Turkish government set for new 'anti-terror' law after emergency

Turkey’s ruling party submitted to parliament another "anti-terror" charge that shows that the state of emergency will be de facto in effect although the government propagates to end it by July 18
Tuesday, 17 July 2018 22:20

A new "anti-terror" bill will bolster the powers of Turkish authorities in detaining suspects and imposing public order even after the current two-year state of emergency ends.

The ruling Justice and Development Party (AKP) submitted an amendment to existing laws to parliament on July 16 to deal with the "fight against terror after the state of emergency" is nominally lifted. 

A provisional article will be added to the anti-terror law. Detention times for offences committed against state integrity, organized crime, and terrorist crimes will be implemented differently in the upcoming three years.

Under the proposed new legislation, authorities will be able to prohibit individuals from exiting and entering a defined area for 15 days on security grounds. Governors will be able to prohibit individuals on "security" grounds where the "public order or safety has deteriorated" or "there are serious indications that will deteriorate in such a way that will stop or divert daily life."

It says a suspect can be held without charge for 48 hours or up to four days in the case of multiple offences. But this period can be extended up to twice if there is "difficulty in collecting evidence" or if the case is "deemed to be particularly voluminous."

The head of the AKP’s parliamentary group Bülent Turan said that the 28-article bill had been sent to opposition parties and expressed hope that it would be put to a vote next week.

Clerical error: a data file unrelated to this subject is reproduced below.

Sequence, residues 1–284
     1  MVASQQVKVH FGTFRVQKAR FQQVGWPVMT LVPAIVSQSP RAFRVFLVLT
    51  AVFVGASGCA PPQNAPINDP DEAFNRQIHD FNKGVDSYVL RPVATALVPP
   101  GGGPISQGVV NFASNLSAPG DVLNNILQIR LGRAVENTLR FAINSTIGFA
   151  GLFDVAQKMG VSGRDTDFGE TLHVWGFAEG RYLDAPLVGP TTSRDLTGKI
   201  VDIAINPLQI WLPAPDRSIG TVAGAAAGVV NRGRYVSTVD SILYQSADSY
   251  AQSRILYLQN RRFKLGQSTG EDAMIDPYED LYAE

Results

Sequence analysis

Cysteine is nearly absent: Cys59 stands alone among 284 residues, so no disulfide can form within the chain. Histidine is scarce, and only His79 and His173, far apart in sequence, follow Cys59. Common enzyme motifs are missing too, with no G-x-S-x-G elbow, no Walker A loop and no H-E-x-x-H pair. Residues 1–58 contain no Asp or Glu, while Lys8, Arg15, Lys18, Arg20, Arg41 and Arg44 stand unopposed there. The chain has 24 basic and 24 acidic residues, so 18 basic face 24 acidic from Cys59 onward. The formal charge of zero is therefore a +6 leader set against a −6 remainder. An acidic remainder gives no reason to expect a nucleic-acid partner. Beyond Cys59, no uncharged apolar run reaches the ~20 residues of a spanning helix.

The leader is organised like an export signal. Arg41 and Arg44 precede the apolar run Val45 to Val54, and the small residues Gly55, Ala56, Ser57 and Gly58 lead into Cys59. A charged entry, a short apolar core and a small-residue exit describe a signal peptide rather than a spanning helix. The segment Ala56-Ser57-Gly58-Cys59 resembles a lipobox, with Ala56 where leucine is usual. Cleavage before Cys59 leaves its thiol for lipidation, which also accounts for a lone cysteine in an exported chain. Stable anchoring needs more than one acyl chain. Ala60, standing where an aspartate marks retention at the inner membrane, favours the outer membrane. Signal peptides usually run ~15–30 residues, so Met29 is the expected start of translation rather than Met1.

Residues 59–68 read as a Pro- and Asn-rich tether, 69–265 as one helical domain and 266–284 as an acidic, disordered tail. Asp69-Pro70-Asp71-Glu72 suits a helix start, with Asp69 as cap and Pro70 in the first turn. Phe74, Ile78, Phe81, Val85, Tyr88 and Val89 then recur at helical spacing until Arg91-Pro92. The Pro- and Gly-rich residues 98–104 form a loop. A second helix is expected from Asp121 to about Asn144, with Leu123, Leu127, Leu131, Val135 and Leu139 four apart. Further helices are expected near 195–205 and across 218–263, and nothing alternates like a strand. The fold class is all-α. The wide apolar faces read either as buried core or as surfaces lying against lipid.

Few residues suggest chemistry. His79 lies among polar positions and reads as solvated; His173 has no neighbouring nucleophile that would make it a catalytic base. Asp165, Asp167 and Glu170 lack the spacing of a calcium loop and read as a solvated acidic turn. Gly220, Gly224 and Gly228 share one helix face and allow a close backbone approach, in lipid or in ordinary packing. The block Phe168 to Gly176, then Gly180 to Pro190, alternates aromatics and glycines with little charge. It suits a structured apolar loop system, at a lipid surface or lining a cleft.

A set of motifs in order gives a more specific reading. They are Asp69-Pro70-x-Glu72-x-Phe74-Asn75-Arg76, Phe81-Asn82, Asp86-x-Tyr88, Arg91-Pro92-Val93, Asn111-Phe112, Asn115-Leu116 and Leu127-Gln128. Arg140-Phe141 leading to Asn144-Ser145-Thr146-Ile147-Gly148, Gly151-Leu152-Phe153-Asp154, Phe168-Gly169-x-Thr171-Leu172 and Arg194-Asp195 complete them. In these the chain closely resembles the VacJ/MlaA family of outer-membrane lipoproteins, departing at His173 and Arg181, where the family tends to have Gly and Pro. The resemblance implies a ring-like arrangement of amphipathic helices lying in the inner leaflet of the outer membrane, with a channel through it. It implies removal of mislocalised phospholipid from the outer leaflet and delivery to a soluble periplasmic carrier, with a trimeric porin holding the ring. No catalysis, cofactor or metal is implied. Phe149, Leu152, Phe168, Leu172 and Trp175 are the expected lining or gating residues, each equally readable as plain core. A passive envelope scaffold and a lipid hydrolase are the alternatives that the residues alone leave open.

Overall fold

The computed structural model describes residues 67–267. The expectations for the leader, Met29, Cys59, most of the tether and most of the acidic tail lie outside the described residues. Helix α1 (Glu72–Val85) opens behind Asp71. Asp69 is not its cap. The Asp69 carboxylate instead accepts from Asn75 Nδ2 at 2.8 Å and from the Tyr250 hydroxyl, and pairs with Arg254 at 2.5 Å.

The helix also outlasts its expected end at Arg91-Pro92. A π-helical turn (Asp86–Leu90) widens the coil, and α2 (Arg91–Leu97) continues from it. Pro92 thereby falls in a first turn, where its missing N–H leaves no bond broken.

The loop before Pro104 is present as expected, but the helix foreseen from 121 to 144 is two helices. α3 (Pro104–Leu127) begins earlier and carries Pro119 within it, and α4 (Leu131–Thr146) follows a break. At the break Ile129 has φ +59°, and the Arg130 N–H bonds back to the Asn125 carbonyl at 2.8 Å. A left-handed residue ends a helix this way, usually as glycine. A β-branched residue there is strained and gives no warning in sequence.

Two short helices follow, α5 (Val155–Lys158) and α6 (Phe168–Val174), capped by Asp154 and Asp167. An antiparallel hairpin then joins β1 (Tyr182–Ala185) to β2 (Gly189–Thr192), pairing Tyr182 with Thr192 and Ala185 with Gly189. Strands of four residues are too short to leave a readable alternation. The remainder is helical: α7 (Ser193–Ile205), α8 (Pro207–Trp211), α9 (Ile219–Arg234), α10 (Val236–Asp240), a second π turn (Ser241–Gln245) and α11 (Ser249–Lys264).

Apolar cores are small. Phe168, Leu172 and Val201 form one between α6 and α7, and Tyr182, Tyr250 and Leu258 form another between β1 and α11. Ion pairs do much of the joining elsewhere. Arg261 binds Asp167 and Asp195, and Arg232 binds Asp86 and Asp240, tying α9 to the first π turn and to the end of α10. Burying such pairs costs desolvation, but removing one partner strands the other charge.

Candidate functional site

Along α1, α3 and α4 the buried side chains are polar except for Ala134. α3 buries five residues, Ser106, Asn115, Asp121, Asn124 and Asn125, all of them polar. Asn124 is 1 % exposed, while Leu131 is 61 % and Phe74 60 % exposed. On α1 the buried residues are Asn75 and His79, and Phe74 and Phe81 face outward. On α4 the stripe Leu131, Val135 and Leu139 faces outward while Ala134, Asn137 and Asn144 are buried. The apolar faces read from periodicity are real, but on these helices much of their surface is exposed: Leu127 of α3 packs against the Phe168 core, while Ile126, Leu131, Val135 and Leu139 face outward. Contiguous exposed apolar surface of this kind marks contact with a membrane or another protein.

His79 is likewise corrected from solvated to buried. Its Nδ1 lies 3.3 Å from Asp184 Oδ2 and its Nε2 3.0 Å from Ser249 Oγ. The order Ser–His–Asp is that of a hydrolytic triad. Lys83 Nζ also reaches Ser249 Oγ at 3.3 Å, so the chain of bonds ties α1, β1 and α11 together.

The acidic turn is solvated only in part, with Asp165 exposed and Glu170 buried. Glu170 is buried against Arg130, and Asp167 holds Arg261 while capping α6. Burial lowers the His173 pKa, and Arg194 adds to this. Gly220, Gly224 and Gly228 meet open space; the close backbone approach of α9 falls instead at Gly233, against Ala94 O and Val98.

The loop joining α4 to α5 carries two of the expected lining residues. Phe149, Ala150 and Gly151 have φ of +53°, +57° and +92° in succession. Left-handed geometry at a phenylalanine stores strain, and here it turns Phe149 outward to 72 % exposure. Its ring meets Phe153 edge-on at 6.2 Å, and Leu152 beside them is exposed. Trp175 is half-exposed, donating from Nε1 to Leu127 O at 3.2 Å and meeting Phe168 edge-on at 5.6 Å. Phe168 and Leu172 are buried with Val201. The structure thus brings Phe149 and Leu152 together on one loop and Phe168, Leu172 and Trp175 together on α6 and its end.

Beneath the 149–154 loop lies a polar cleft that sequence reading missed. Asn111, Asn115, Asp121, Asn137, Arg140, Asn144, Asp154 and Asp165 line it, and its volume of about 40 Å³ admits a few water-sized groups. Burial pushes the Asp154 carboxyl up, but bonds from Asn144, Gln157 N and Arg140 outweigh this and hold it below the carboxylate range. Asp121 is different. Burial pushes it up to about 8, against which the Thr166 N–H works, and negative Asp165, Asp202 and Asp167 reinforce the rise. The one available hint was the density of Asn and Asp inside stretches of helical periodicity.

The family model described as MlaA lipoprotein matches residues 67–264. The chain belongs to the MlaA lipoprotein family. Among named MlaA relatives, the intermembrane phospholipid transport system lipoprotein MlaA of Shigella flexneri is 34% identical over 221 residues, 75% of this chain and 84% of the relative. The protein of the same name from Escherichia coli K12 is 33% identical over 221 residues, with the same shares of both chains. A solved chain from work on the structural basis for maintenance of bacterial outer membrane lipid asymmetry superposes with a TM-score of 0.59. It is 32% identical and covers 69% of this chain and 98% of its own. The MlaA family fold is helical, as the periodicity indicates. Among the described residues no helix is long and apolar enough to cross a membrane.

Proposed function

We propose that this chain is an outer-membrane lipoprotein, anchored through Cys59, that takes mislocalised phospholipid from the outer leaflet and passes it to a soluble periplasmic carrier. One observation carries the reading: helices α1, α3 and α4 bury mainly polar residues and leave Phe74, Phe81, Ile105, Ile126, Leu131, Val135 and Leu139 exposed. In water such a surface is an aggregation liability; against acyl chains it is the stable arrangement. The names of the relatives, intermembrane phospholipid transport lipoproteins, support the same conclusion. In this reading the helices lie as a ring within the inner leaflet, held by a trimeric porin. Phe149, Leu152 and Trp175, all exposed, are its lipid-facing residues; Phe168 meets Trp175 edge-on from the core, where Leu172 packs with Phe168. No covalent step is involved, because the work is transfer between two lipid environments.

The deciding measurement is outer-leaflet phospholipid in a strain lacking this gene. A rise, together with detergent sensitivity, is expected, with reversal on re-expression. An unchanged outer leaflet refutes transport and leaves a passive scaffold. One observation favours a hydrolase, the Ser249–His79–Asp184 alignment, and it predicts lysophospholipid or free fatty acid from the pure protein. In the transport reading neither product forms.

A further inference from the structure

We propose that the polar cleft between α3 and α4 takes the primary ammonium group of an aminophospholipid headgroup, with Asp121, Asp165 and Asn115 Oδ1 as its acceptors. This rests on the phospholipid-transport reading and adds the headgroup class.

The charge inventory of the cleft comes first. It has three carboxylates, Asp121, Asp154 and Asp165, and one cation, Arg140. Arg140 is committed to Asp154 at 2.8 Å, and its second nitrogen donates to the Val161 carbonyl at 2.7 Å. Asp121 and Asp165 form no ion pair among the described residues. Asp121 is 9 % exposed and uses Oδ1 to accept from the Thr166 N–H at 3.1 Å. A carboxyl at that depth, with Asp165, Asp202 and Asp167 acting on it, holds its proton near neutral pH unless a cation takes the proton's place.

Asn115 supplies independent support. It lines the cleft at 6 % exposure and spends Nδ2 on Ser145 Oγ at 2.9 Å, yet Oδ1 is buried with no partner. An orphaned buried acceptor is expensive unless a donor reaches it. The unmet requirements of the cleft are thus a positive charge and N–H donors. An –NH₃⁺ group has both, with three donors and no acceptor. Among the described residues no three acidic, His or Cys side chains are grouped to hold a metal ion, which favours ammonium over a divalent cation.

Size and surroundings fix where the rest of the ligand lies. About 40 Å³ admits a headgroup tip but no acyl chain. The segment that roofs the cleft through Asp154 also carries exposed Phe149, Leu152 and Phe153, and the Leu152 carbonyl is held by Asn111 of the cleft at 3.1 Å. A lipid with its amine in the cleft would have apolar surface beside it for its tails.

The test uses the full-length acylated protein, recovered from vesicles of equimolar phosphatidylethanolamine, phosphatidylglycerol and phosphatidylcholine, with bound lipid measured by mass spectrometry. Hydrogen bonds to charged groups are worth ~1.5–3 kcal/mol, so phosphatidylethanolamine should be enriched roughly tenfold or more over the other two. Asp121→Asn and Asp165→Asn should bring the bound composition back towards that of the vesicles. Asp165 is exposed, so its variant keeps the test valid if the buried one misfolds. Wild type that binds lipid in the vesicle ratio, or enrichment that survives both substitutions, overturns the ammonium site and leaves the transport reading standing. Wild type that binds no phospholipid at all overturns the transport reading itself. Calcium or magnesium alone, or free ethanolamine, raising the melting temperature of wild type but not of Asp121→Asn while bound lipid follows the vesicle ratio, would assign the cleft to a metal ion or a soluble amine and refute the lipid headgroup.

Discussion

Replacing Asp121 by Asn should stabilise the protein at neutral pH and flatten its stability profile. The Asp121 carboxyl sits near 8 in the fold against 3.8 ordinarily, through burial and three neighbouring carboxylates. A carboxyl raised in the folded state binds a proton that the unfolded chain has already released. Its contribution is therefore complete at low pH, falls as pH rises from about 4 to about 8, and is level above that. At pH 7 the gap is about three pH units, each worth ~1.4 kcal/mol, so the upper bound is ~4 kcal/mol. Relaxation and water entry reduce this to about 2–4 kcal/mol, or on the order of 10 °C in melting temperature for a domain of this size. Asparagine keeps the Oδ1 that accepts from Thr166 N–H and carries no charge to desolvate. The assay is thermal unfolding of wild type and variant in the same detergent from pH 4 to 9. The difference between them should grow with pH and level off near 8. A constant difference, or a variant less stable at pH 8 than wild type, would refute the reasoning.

The AKP government will continue to appoint trustees for terrorism-related institutions and companies. Gun licenses and passports of those dismissed or suspended from public duties will be cancelled. The Interior Ministry will be able to cancel the passports of their spouses as well.

The state of emergency, imposed in the wake of the July 2016 failed coup aimed at unseating Turkish President Recep Tayyip Erdoğan, has been extended seven times. The state of emergency is not marked by the purge in the army or the jurisdiction, but it was marked by the opportunities offered to the bourgeoisie.

Erdoğan had argued that the government disappointed those who wished to demolish the democracy as well as the economy of Turkey. 

"Our state of emergency is totally against terrorism. Also, it prevents workers from going out on strike. Before our government, factories were suffering from workers' strikes," he had said. "Is there any strike at any factory under the state of emergency declared by our government? Quite the contrary. When workers attempt to go on such a strike, we suppress them by taking advantage of the state of emergency. Briefly, the state of emergency has strengthened the fight against terrorism," Erdoğan had added.